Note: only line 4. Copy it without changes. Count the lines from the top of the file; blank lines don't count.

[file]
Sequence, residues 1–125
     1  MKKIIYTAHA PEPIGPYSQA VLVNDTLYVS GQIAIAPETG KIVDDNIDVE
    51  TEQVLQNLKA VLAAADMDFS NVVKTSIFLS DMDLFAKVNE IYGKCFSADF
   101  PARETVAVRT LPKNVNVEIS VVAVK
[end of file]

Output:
   101  PARETVAVRT LPKNVNVEIS VVAVK